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Median Heraldic Emblem and Flag Motif

Discovery: This artifact was found via illegal digging in what is routinely described as "northwest Persia," and offered for purchase by an unidentified seller to the Metropolitan Museum in New York in 1953-54. That is all that is known of its provenance.

The dig's location, however, must have been at or near Hamadan. There are a number of compelling reasons to believe so. The style matches other similar items found in excavations in Hamadan--before or after. 

Had this item been dug up far away from Hamadan--a center for licit and illicit trade in archaeological artifacts--it would have been doubtlessly melted down and turned into modern jewelry for sale. The item is quite large and heavy, and makes for a good "melt item" if it could not be sold to those Hamadani art merchants for its higher artistic/historic value. In fact, the said merchants themselves would organize bands of illegal diggers to poke around for such things that could be sold to Western buyers of all types.

 

 

Prehistoric Investigation Near Mandali, IRAQ

In the spring of I966 a survey of archaeological sites was begun in the qadha of Mandali, Diyala Liwa, east of Baghdad, and between Mandali and Badra, Kut Liwa, along the foothills bordering the Iranian frontier (Fig. i). The survey was undertaken initially with financial support from the American Philosophical Society and continued in I967 with the assistance of the John Simon Guggenheim Memorial Foundation.' It is hoped that ultimately all archaeological sites in the area will be surveyed systematically, but the primary reason for the selection of this particular region was the possibility that it might provide clues towards the solution of a number of prehistoric problems.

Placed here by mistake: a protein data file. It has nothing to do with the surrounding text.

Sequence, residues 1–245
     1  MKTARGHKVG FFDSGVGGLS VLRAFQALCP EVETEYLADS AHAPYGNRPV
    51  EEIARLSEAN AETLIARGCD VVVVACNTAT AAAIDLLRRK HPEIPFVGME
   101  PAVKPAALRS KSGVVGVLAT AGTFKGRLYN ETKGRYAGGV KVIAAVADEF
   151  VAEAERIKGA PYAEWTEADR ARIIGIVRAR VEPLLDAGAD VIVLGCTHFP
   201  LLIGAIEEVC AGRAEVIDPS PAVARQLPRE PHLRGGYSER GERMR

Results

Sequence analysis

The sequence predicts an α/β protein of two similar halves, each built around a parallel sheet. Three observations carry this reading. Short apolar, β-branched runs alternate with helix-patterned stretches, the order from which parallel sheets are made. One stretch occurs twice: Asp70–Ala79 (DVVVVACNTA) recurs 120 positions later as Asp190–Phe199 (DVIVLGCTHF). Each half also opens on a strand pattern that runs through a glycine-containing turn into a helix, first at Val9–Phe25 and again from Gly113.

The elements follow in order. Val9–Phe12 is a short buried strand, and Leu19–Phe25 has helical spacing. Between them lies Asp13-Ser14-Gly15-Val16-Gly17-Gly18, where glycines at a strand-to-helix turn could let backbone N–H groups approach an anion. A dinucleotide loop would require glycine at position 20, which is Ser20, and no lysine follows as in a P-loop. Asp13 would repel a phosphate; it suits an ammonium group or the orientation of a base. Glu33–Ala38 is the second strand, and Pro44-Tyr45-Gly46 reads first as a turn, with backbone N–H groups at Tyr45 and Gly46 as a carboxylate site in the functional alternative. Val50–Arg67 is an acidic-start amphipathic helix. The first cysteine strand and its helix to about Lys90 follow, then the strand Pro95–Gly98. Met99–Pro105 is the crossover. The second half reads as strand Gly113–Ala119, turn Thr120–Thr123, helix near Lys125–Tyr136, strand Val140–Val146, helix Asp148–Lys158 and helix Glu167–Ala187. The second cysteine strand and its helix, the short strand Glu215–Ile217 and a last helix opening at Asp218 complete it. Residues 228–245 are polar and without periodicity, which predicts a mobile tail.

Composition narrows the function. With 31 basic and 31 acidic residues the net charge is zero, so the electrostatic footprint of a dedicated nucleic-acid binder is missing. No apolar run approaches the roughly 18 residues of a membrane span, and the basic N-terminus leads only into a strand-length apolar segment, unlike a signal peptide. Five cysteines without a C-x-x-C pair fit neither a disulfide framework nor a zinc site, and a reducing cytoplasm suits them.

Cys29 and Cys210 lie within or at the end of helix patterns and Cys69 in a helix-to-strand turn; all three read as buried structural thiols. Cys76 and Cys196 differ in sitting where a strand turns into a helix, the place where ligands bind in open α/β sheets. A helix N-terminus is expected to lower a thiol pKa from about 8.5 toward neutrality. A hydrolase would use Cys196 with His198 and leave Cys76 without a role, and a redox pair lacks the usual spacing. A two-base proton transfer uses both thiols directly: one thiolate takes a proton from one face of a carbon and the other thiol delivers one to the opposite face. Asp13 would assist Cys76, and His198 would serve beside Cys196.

Evidence for the World’s earliest Beer and Wine making in Kurdistan

In a correspondence to the prestigious British scientific journal Nature (vol.360, 5 November, 1992, p. 24) Rudolph Michel of Museum Applied Science Center for Archaeology, and Patrick McGovern of University Museum of Archaeology and Anthropology, University of Pennsylvania, Philadelphia and Virginia Badler, Department of Near Eastern Studies, University of Toronto, archaeological and laboratory evidence is provided to prove the oldest existing trace of production of barley beer in the world.

The Tell Nader and Tell Baqrta Project in the Kurdistan Region of Iraq

In October 2010 the University of Athens obtained permission by the Ministry of Municipalities and Tourism of the Kurdistan Regional Government of Iraq (KRG), the General Directorate of Antiquities of Kurdistan and the Directorate of Antiquities of Erbil to conduct excavations in two important archaeological sites: first in Tell Nader, which lies on the outskirts of the city of Erbil and then Tell Baqrta, approximatel

The Sassanian Inscription of Paikuli